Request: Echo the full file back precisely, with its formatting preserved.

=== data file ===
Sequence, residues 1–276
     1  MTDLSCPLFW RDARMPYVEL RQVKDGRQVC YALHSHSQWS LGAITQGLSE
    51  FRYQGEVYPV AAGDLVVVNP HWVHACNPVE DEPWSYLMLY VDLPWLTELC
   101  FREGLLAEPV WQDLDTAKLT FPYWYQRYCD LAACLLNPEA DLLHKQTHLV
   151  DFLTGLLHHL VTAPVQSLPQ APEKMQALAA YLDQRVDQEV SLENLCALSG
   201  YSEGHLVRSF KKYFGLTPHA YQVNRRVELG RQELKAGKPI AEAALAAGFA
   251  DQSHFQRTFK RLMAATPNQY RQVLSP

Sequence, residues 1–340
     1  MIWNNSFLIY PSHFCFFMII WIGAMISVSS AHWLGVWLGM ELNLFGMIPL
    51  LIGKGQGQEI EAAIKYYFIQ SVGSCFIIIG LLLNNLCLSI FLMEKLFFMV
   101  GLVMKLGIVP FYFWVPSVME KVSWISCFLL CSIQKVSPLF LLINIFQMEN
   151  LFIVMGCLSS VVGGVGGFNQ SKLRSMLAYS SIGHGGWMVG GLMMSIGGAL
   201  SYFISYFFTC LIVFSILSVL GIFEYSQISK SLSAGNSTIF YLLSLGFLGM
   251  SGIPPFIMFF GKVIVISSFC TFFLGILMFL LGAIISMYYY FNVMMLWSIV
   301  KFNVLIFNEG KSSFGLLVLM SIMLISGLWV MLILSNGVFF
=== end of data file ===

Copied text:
Sequence, residues 1–276
     1  MTDLSCPLFW RDARMPYVEL RQVKDGRQVC YALHSHSQWS LGAITQGLSE
    51  FRYQGEVYPV AAGDLVVVNP HWVHACNPVE DEPWSYLMLY VDLPWLTELC
   101  FREGLLAEPV WQDLDTAKLT FPYWYQRYCD LAACLLNPEA DLLHKQTHLV
   151  DFLTGLLHHL VTAPVQSLPQ APEKMQALAA YLDQRVDQEV SLENLCALSG
   201  YSEGHLVRSF KKYFGLTPHA YQVNRRVELG RQELKAGKPI AEAALAAGFA
   251  DQSHFQRTFK RLMAATPNQY RQVLSP

Sequence, residues 1–340
     1  MIWNNSFLIY PSHFCFFMII WIGAMISVSS AHWLGVWLGM ELNLFGMIPL
    51  LIGKGQGQEI EAAIKYYFIQ SVGSCFIIIG LLLNNLCLSI FLMEKLFFMV
   101  GLVMKLGIVP FYFWVPSVME KVSWISCFLL CSIQKVSPLF LLINIFQMEN
   151  LFIVMGCLSS VVGGVGGFNQ SKLRSMLAYS SIGHGGWMVG GLMMSIGGAL
   201  SYFISYFFTC LIVFSILSVL GIFEYSQISK SLSAGNSTIF YLLSLGFLGM
   251  SGIPPFIMFF GKVIVISSFC TFFLGILMFL LGAIISMYYY FNVMMLWSIV
   301  KFNVLIFNEG KSSFGLLVLM SIMLISGLWV MLILSNGVFF